Imagine being an e-commerce brand, which has been able to generate awareness and acquire a significant amount of customers after being around for a good period of time. You probably realize at some point that whether it is in paid search or social ads, you could be advertising to people who would be buying from you anyways. This is the beginning of a conversation that can lead to even more questions such as:
- How do I make sure to only deliver ads when it is needed and not pay extra money for acquired customers?
- How much am I willing to spend on acquired customers to ensure they do not leave?
- How much am I willing to pay for new customers?
- How do I create a clear separation between new and existing customers?
- Which strategy can I deploy for new vs existing customers?
- How do I understand how paid search vs paid social interact? Which one is more important for me?
While it is not possible to answer all of these questions since it all depends on your specific case, it may be possible to set up a campaign structure that would lay the foundation for you to be able to overcome these challenges.
The Campaign Structure
The following structure relies on two premises that need to hold true for your business in order for you to be able to deploy it:
- A customer is acquired through a first purchase, nurtured with the brand message or product quality, becomes a frequent buyer of your products, and finally turns into a full brand adopter who buys from you by default.
- You have the ability to create custom lists based on the criteria mentioned in the first premise: Newly acquired customers, Nurtured customers, Frequent Buyers, Brand adopters, Churn customers.
The goal is to build campaigns in both search and social platforms all segmented by the audiences mentioned above using dynamically updated customer lists, therefore achieving the following:
- The ability to create well-defined customer lists for each stage of your funnel
- The ability to cycle a customer through the funnel and eventually stop or minimize advertising once he reaches the brand adopter stage.
- The ability to combine paid search and paid social efforts by defining an articulated strategy based on the specific audiences mentioned above.
- The ability to report high-level on spend, revenue, and ROAS for each audience, therefore better understanding attribution and incrementality.
- The ability to understand Cost/acquisition, the cost of nurturing, the cost for maintaining frequent buyers, and the cost of staying top of mind for brand adopters.
Let’s see how that would work with a real business example.
A Practical Example
We consider the following e-commerce company:
- Name: Toys for pets
- Average customer purchase frequency: Once every 3 Months
- Advertising Platforms: Google and Facebook
Now…let’s get to work.
Step One – Creating dynamically updated lists for Newly acquired customers, Nurtured customers, Frequent Buyers, Brand adopters, Churned customers.
- Newly acquired customers: People who have recently entered our customer base with their first purchase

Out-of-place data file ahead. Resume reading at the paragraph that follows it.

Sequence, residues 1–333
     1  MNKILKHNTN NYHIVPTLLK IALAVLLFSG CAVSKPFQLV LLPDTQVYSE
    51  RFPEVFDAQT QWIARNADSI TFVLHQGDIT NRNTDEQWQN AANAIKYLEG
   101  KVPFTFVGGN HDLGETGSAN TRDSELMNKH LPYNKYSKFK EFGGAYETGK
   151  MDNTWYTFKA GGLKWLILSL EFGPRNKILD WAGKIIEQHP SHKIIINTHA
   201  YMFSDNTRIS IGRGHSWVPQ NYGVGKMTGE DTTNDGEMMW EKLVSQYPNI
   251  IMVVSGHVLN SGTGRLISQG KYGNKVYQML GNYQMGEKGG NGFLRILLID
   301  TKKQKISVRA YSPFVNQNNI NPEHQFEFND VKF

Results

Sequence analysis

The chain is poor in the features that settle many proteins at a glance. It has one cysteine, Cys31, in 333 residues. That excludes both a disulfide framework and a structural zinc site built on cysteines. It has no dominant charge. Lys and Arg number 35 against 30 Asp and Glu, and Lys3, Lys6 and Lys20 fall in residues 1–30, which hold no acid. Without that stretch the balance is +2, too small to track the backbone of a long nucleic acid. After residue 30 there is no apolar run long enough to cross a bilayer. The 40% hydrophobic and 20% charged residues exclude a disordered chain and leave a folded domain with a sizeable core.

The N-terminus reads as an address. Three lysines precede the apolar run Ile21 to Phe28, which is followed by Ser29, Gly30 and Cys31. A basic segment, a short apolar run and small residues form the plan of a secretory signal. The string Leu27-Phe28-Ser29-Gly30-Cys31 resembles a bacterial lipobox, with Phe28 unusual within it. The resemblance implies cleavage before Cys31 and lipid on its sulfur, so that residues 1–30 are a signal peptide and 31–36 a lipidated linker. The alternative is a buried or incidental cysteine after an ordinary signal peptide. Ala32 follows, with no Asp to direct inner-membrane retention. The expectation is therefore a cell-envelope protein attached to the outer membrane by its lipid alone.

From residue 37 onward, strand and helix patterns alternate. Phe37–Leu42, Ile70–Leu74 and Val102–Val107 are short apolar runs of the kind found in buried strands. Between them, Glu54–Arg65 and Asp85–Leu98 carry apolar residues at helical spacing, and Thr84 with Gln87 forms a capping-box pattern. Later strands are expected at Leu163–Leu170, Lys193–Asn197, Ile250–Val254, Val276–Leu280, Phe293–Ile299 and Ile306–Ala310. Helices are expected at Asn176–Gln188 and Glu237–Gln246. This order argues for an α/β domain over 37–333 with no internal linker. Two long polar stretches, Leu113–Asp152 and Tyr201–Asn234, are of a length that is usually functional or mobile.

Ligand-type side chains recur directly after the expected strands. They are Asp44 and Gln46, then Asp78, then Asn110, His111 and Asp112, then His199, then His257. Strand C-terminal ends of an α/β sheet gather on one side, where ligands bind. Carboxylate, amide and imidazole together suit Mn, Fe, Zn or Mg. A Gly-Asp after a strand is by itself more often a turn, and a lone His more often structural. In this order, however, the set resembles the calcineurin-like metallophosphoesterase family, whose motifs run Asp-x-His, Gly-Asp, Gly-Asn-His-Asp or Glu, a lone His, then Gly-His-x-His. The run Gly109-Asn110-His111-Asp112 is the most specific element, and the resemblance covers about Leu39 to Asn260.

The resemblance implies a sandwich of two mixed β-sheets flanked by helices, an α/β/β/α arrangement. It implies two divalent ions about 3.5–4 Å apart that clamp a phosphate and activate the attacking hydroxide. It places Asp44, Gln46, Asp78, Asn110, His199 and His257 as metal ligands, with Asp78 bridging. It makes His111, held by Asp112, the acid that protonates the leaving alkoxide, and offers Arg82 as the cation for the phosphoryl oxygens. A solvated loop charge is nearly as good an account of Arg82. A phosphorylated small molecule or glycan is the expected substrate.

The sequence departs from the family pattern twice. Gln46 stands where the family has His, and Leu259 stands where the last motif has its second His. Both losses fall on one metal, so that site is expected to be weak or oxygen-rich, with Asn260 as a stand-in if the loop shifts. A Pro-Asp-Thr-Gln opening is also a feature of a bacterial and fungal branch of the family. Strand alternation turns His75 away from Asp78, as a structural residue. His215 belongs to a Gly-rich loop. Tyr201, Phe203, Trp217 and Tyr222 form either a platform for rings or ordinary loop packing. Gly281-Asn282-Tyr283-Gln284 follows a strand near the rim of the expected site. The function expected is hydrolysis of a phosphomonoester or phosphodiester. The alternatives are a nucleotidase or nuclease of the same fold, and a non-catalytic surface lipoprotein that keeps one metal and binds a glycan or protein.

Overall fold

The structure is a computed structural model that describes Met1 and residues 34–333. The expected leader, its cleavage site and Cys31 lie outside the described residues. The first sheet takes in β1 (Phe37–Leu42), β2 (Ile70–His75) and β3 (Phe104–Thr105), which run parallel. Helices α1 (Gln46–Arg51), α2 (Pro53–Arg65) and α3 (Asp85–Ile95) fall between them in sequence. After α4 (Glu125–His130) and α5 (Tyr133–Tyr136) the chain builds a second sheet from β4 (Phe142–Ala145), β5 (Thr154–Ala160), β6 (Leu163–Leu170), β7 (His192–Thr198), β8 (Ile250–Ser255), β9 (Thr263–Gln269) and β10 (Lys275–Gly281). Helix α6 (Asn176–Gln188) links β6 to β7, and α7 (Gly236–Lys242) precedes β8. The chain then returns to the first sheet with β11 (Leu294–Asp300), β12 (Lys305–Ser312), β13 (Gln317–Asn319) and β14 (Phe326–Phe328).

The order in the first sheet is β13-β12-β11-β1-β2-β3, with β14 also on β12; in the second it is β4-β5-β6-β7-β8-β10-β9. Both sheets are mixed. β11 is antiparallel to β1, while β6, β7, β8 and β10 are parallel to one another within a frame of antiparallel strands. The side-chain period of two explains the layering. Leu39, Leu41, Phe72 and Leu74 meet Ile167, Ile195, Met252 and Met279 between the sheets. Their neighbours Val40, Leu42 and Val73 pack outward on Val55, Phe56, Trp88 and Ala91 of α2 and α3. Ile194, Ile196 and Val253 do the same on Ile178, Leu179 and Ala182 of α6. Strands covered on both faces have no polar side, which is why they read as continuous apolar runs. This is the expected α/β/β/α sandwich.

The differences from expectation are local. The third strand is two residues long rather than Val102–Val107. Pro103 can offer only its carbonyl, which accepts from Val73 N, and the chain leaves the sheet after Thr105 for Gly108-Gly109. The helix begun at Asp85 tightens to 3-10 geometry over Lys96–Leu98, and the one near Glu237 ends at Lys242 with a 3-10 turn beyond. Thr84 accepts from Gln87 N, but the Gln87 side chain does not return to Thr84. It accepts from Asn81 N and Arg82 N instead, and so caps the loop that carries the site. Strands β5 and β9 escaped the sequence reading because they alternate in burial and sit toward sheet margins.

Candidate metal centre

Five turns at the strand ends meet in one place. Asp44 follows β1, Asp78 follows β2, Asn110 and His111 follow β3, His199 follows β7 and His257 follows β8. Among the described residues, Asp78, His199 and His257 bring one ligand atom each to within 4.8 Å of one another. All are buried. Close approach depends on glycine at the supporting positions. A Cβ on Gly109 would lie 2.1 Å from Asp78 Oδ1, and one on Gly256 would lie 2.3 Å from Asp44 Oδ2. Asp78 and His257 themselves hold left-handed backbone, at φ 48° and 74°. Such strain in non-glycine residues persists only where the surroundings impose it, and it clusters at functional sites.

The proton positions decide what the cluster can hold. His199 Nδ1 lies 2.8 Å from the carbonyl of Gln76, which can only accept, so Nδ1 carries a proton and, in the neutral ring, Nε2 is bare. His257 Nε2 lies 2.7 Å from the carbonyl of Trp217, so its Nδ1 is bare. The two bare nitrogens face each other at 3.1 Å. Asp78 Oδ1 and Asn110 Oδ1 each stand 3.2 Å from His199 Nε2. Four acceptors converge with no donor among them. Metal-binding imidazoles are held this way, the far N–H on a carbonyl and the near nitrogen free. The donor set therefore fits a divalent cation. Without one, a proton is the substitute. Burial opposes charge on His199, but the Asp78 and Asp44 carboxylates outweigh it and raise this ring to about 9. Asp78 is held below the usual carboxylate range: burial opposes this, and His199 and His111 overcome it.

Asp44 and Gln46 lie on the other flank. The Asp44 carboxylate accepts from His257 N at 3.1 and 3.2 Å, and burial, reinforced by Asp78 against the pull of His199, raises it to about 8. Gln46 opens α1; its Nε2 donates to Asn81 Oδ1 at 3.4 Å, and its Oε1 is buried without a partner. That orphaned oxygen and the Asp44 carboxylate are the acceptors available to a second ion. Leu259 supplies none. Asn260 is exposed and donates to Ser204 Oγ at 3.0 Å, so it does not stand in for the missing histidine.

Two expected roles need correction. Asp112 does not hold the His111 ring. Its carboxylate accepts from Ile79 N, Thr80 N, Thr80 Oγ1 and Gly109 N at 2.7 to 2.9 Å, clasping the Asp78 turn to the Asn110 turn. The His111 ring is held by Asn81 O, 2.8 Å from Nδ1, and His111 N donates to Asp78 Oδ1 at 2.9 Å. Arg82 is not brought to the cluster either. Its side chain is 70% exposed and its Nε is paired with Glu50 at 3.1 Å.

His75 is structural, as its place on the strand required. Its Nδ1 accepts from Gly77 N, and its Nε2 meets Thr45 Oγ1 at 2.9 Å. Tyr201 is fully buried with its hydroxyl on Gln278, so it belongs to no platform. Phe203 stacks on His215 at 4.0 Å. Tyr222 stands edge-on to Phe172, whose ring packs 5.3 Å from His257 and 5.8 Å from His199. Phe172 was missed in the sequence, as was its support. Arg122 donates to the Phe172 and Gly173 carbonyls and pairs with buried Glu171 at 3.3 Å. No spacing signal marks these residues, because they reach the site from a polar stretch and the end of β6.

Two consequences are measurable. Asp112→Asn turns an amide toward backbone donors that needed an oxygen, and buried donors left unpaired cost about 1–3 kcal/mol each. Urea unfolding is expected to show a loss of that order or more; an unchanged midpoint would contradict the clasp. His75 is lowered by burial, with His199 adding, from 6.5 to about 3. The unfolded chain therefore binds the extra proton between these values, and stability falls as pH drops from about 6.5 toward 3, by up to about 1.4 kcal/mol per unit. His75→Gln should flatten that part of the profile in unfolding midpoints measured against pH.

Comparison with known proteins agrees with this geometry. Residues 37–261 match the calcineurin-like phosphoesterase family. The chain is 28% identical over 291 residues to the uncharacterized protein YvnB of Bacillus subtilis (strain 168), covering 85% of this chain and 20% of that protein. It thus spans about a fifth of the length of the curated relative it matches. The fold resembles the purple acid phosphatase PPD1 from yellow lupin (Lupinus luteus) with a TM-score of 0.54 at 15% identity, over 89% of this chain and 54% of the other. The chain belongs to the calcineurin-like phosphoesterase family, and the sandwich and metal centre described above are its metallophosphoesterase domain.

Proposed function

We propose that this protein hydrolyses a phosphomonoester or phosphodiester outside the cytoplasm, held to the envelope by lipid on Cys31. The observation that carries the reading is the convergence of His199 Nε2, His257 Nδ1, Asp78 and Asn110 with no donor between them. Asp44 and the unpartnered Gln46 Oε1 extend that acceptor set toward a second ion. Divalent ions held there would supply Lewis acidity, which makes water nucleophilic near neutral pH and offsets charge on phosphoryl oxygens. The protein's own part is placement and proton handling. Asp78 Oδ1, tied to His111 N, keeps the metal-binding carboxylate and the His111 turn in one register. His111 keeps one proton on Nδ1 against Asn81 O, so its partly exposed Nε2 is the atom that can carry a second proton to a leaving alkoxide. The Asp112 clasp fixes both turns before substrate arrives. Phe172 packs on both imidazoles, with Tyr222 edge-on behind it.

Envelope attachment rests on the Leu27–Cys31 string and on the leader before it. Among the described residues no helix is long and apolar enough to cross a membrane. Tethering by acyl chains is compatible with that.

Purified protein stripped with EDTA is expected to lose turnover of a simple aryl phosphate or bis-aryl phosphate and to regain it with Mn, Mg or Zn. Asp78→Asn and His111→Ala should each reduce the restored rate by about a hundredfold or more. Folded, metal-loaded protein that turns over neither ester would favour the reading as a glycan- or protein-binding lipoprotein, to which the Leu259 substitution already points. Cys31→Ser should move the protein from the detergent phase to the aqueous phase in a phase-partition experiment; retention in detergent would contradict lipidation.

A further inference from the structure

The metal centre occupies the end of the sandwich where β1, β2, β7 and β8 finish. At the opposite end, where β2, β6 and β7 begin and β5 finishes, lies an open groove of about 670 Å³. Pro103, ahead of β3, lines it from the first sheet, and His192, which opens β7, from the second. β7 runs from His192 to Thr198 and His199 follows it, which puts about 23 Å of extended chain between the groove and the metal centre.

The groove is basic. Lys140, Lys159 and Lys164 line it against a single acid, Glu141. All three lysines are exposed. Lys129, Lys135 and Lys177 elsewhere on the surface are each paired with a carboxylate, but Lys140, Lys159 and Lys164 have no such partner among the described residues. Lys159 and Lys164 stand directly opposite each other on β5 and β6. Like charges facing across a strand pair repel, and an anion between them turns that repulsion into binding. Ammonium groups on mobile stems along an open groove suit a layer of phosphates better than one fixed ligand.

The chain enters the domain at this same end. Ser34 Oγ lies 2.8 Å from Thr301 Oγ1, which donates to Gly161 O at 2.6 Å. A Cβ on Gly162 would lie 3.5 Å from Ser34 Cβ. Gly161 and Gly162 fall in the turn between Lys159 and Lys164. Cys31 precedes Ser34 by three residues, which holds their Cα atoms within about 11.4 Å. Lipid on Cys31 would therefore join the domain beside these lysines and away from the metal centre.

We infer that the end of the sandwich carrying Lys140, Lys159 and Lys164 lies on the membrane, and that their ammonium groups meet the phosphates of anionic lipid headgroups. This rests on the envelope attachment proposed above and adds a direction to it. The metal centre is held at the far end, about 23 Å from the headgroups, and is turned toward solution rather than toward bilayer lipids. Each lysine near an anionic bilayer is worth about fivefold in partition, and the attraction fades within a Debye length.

- Nurtured customers: People who have made only exactly between 2 or 3 purchases within L365D
- Frequent Buyers: People who have completed at least 4 purchases within L365D
- Brand Adopters: People who have made at least 7 purchases during the last 2 years.
- Churned Customers: People who have not made a purchase during a year
Step Two – Define a strategy for each audience and platform
How exactly you decide to set up the segmentation is dependent on your case, the size of the audiences you have and the amount of control you want on each audience. In Facebook, you might decide for example that you just want to have these audiences at the campaign level and not the ad set due to the way Facebook optimizes for results. In Google ads, you might realize that the brand adopters or other remarketing segments are not large enough for them to have their own campaign, so layering on the audiences with aggressive bid adjustment might do it.
Step 3 – Launch, Enjoy, Report
Once this is all set up, you should have the ability to report on spend for each audience by combining the cost on each platform and use internal data in order to report on revenue. That allows you to understand what your ROAS has been for each audience, which helps with setting goals and allocating budget. The possibilities in terms of insights are endless: understanding whether it makes sense for you to bid on brand keywords when it is a newly acquired customer vs a brand adopter, understanding what it takes to reactivate churned customers, understanding which non-brand queries your frequent buyers search for so that you can know what their needs are etc…
It Might be a Big Change in Your Account But…
You do not have to change anything yet. You can start by creating audiences with Google Analytics or Facebook ads based on the criteria mentioned above in order to start gathering insights about your funnel. That will help guide the discussion about whether or not, such a setup is worth it for your account. Never hurts to collect data!